Biologist Kevin Kelley of California State University, Long Beach and scientists from the Orange County Sanitation District and the Pacific Coast Environmental Conservancy are studying thyroid disruption in coastal populations of fish that are caused by persistent environmental chemicals such as polychlorinated biphenyls (PCBs). Thyroid hormones in vertebrates affect almost every tissue, their target receptors are found in all cell types, and they are critical for normal growth and metabolism. Disruption of the thyroid endocrine system in fish and other wildlife presents a significant concern in impacted coastal environments.

The design of marine protected areas might be enhanced by including some habitats that are not always underwater. Marine ecologist Corey Garza of California State University, Monterey Bay, will look at the importance of the intertidal zone to spiny lobster and California sheephead in the design of marine protected areas. Previous studies suggest that intertidal habitat may be critical to female lobster and sheephead during spawning season. Garza will investigate the potential for integrating intertidal habitat into the design of Southern California MPAs to promote sustainable populations of these key economic species.

Small reservoirs in the watersheds around Los Angeles and the San Francisco Bay might play a role in releasing a variety of pollutants—organic carbon, nutrients and metals—to coastal waters by way of small creeks that drain away from them to the ocean. Laura Rademacher from the University of the Pacific and Kristina Faul from Mills College will study the cycling of these pollutants into and out of these reservoirs and whether management strategies can affect a reservoir's ability to "filter" contaminants and reduce their flow into the coastal ocean.

In addition to the biologically-focused work, researchers from Stanford University, Oregon State University and the University of Washington will examine how coastal communities in the Pacific coast region are planning adaptations to coastal change caused by sea level rise and associated threats to coastal structures and populations. Led by Stanford researchers Pamela Matson and Susanne Moser, a geographer noted for her work on climate change communications and community adaptation, this social science project aims to identify effective processes and outcomes from adaptation planning efforts now taking place in many locales. According to Moser, "What motivated our proposal is coastal managers asking 'what does success in adaptation look like?' Without this funding from Sea Grant we wouldn't be able to answer the question in a way that is directly relevant to coastal decision-makers."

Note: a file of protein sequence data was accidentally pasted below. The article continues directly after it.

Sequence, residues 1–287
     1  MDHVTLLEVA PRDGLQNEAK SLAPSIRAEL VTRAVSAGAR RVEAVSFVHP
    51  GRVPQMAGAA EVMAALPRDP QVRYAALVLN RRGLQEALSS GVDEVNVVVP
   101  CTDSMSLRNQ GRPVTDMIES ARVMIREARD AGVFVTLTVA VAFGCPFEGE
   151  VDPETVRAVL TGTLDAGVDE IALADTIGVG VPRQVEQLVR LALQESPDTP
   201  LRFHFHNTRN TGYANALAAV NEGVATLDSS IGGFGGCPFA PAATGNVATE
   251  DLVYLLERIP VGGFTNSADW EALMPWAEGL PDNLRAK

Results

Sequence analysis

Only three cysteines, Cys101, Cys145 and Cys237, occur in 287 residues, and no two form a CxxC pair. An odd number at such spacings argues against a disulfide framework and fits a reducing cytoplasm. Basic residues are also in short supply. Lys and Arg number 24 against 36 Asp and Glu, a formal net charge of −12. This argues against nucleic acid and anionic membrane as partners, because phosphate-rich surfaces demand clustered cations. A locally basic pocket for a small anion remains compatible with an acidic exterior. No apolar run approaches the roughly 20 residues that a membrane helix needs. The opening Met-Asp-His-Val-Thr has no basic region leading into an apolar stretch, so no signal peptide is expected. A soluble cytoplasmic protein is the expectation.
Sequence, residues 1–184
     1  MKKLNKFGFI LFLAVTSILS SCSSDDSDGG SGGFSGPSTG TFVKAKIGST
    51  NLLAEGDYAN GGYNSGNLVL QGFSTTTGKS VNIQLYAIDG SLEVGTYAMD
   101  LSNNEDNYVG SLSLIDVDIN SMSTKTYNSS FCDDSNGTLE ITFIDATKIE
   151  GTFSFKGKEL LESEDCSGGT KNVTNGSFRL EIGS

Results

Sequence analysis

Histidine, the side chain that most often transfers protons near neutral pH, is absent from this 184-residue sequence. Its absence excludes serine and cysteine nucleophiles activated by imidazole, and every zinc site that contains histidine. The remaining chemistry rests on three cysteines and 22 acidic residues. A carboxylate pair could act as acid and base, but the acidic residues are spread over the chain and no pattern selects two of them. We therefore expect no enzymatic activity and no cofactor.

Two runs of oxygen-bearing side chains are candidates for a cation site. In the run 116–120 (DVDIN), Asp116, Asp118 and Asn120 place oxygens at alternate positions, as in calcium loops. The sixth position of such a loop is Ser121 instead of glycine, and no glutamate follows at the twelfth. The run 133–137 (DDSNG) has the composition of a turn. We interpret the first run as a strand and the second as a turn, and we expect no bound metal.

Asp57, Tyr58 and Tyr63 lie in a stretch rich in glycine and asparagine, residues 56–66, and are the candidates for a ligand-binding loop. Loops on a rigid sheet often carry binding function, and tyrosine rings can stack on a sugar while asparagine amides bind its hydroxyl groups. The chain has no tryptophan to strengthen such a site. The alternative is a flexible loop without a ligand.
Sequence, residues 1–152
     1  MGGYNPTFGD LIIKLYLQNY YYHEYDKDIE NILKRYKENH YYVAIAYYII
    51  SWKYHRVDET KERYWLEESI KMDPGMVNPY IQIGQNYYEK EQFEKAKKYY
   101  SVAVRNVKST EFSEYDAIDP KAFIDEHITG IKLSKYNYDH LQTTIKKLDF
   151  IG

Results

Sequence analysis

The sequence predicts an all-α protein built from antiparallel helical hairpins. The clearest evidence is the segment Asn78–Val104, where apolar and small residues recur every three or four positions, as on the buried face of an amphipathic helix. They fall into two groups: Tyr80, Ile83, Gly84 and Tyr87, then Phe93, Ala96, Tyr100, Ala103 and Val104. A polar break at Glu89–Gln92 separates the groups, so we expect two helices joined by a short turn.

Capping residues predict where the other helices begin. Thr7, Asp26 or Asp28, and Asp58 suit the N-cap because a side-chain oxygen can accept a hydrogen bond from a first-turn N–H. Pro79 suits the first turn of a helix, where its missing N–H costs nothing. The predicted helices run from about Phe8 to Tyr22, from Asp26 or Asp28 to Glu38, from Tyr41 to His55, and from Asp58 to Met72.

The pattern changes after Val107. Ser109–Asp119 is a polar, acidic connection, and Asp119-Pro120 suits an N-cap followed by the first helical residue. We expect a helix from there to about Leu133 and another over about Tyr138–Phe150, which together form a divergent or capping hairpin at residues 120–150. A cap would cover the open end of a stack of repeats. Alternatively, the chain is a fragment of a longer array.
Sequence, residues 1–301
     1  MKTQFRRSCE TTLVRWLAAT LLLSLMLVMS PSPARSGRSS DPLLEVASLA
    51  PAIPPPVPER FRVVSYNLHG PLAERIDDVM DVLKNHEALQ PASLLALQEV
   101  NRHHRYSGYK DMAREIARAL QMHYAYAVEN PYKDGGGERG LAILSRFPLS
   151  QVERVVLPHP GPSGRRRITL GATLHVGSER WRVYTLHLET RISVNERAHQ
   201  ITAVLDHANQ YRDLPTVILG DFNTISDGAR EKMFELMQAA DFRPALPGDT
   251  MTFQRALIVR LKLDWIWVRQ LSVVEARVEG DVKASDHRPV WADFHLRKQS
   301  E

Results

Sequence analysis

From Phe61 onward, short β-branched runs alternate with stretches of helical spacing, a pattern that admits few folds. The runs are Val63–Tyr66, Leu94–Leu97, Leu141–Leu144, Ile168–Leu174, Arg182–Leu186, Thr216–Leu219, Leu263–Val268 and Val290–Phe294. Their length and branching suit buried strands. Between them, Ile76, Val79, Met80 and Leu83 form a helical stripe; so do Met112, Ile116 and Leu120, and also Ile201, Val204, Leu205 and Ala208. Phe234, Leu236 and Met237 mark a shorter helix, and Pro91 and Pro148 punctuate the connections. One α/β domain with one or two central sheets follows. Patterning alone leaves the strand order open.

NOTE: Funding for the two-year research projects totals $591,000 and an additional $136,800 for graduate student trainees. In addition, Sea Grant projects require at least 50 percent match from the participating institutions.

Listing of project titles and investigators:

The University of Southern California Sea Grant Program supports an integrated program of research, education and public outreach to help people understand, responsibly use, and conserve ocean and coastal resources. USC Sea Grant is part of the National Sea Grant College Program, a network of more than 30 programs based at top universities in every coastal and Great Lakes state, Puerto Rico, and Guam. The National Sea Grant College Program is a partnership between universities and the federal government's National Oceanic and Atmospheric Administration (NOAA).

For more information on USC Sea Grant research and outreach, please visit: http://www.usc.edu/org/seagrant/research/researchandoutreach.html